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These five scientific fields win the most Nobel Prizes

Scientists in neglected research areas at risk of being considered "second-class citizens."

4 August 2020

Gemma Conroy

Kyodo News / Contributor / Getty

Akira Yoshino (C, L) accepts the Nobel Prize in chemistry from Swedish King Carl XVI Gustaf during a ceremony at Stockholm Concert Hall in the Swedish capital on 10 December 2019.

Just five research fields have picked up more than half of all Nobel Prizes in science awarded since 1995.

Such “uneven prestige” could be influencing major funding decisions, with a small number of Nobel-friendly fields gaining an advantage, a new study suggests.

“Scientists working in the privileged domains may consider this inequality-in-honors highly appropriate, while other ‘excluded’ scientists may consider it grossly unfair,’ the authors, led by John Ioannidis from Stanford University in California, write.

“There is a risk that this inequality creates a culture of exclusivity, with some scientists considered second-class citizens simply because of the field in which they work.”

The prestigious five

The study identified the key Nobel Prize-winning paper of each of the 151 laureates that were honoured between 1995 and 2017.

The prize-winning papers were then plotted on a map of 63 million articles that were indexed by the Scopus database over the same time period.

Of the 114 scientific fields identified in the map, just 36 had been honoured with at least one Nobel Prize.

The fields of particle physics, atomic physics, cell biology, neuroscience, and molecular chemistry collectively accounted for more than half (52.4%) of all Nobel Prizes awarded in the two-decade timeframe, even though they account for just 10% of all papers included in the analysis.

Highly cited but not rewarded

Not only are many scientific fields excluded from the Nobel Prize winners pool, but so are hundreds of heavily cited papers, the analysis found.

Ioannidis and his team calculate that, for each prize-winning paper, an average of 435 papers published within a year of it would go on to be more heavily cited.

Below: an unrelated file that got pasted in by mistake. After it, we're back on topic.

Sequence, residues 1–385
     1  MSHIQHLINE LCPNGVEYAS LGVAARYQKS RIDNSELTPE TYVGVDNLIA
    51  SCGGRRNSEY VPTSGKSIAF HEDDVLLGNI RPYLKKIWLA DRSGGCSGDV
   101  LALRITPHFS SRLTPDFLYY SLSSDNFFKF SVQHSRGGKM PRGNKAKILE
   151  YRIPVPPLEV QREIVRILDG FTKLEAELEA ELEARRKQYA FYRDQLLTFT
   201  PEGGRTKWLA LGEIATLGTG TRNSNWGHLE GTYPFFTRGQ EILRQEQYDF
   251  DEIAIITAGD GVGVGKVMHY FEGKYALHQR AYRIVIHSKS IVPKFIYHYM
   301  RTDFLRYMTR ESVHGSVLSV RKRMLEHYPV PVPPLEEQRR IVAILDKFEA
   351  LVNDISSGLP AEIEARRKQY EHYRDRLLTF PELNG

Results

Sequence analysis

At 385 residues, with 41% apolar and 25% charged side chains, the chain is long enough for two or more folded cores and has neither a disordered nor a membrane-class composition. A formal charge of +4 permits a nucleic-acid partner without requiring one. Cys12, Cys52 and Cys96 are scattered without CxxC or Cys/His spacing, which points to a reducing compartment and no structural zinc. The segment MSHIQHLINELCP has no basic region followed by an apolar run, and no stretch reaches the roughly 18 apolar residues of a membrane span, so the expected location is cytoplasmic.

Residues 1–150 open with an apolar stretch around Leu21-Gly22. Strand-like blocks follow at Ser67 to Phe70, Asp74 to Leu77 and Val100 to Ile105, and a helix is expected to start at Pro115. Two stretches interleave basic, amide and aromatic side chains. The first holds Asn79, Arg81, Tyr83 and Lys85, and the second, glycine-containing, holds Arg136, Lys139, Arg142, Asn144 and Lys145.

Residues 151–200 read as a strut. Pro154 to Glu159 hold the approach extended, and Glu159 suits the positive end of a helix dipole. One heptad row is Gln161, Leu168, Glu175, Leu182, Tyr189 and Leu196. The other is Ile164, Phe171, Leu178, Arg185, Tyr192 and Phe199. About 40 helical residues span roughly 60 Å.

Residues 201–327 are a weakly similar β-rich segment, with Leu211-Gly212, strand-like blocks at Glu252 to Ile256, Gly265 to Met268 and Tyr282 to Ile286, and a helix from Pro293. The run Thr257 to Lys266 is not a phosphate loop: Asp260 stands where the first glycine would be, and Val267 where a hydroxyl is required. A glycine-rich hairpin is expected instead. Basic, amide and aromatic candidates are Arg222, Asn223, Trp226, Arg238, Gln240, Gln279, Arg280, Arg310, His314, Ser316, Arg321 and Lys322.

The only exception was a 2004 Science paper that presented the first description of graphene. Its authors, Andre Geim and Konstantin Novoselov, shared the Nobel Prize in physics in 2010.

The paper has attracted more than 37,500 citations to date, according to the Dimensions database.

Ioannidis and his team acknowledge that citations are just one way to measure the impact of research, and a high citations count does not necessarily mean that a paper has been more transformative than one with fewer citations.

The winner’s corner

The narrow spread of Nobel Prize-winning research across all scientific fields is visualized in the map below.

The prize-winning papers (B) and the papers that cite them (C) are compared with the more highly cited papers published in the same year (D), which encompass a far greater spread of research fields.

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Ioannidis et al.

Ioannidis and his team say that acknowledging the uneven distribution of Nobel Prizes among scientific fields is important, as it could have long-term effects on the fields that have been left out.

“Nobel-awarded work may … influence future research, including allocation of funds and preferences of the most influential multidisciplinary journals regarding what to publish,” they write.

“This may reinforce a circle where privileged fields become even more privileged and achieve even more power and funds, relative to other scientific fields that remain more neglected.”

The authors propose that including additional Nobel Prize categories could broaden the fields that are recognized.

“One solution to achieve more evenness might be to create additional awards that are equally prestigious and that cover other fields besides those already primarily honoured.”

The paper was published in PLOS One.

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